LIKE his award-winning alpacas, Mike Coghlan says he is getting a bit “long in the tooth” – so he’s selling off half his herd.

The first person to import Peruvian alpacas into Britain, Mr Coghlan owns Blenheim Alpacas, in Ewelme, near Wallingford, with his wife Kate, and has spent the past 15 years breeding an elite herd with exotic names such as Olympia, Bathsheba and Don Lorenzo.

But now aged 75, and a grandfather, Mr Coghlan says he needs to downsize his business and will be selling off about half of his herd – 46 animals – in a special auction.

He said: “I adore alpacas and have done since I first saw them at the Royal Bath & West Show back in 1997.

“At that time I had just sold my packaging business in Wheatley and was looking for a new challenge. I saw these animals and fell in love with them.

“I bought six alpacas for £50,000 – they were much more expensive then.

“But I quickly realised they weren’t from great stock, so I went to Peru, where the animals originate, and looked for really great animals.”

Mr Coghlan imported his Peruvian alpacas in 1999, including a stud male and five pregnant females from the Accoyo herd in the Andes mountains, owned by leading alpaca breeder Don Julio Barreda.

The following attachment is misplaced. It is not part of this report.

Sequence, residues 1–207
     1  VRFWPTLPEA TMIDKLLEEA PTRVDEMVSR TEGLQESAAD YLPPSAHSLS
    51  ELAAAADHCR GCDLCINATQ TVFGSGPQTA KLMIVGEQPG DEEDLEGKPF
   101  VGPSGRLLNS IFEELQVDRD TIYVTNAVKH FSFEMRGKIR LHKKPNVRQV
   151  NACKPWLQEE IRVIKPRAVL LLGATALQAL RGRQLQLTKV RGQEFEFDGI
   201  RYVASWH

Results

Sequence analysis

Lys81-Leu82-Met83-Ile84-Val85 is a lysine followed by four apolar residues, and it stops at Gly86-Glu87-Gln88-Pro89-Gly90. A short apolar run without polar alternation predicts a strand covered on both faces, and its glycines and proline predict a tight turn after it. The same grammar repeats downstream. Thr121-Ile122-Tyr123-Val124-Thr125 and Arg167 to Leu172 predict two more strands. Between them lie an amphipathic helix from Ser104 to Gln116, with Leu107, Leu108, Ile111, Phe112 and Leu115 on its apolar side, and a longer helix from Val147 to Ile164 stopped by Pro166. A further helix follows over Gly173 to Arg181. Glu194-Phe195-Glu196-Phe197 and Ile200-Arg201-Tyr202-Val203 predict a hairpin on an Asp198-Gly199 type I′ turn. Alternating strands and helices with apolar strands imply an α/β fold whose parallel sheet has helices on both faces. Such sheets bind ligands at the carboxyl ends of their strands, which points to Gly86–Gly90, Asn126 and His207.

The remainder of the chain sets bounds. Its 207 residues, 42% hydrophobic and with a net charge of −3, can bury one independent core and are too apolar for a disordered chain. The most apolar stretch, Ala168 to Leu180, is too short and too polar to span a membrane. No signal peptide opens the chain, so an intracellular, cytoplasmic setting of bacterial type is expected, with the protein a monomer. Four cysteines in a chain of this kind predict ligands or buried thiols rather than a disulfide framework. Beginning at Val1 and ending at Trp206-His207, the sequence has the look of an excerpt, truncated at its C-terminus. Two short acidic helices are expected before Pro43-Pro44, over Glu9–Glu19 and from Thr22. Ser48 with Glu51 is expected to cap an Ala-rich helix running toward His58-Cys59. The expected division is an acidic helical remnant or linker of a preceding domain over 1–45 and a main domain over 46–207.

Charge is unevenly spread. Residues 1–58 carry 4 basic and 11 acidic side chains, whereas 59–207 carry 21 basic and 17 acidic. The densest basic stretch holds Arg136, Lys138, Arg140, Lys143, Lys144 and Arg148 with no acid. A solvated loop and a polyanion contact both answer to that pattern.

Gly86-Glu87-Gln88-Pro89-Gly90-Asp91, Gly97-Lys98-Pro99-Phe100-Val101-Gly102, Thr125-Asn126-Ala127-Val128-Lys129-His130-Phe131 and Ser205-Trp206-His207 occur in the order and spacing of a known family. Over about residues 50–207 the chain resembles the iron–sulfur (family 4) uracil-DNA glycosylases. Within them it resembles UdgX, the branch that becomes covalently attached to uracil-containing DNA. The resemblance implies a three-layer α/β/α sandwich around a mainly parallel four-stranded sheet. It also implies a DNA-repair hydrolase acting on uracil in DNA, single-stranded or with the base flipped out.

Mr Coghlan said: “They gave a huge boost to my own herd and several others. And since then we have won award after award and produced first-rate animals throughout the county.

“Each year we have named our babies after a letter from the alphabet and this year we are on the letter P. Our first baby in 2012 was Purdetta.

“It’s not been easy naming them, though. We had 22 girls and 10 boys born last year.

“Do you know how difficult it is to try to find 22 girls’ names beginning with O?”

Alpacas evolved 3,500m (11,500ft) above sea level on the high plains of the Andes.

A domesticated species of South American camelid, they resemble a small llama and are bred primarily for their wool, which is used to make clothes and blankets.

Mr Coghlan added: “They don’t take an incredible lot of looking after. They feed once a day, they need checking over a few times a day and there is an annual shearing and the occasional toenail and tooth trim.

“But apart from that they are perfect animals to keep. Their wool is valuable and they have one baby a year, which they more or less give birth to unaided.”

He added: “Unfortunately, I’m getting on a bit and need to slow down a little and while my wife Kate does a lot of the work, she has other things to do too – she is professor of flute at the Royal Academy of Music, when she isn’t tending the alpacas in her overalls, that is.”

Mr Coghlan will be selling his animals at auction along with 40 alpacas from Apollo Alpacas, near Banbury, and eight animals from Chiltern Alpacas, near Henley.

A stud male can fetch about £8,000 and a female anywhere between £1,500 and £3,000.

The auction takes place on Friday, at the Warwickshire Exhibition Centre, near Leamington Spa, the day after the closing of the three-day World Alpaca Conference 2012, which is being held at Oxford University’s Keble College.

Mr Coghlan said: “I am sponsoring the Champagne reception at the conference in Oxford and hope to interest the cream of the alpaca world in my herd there.”

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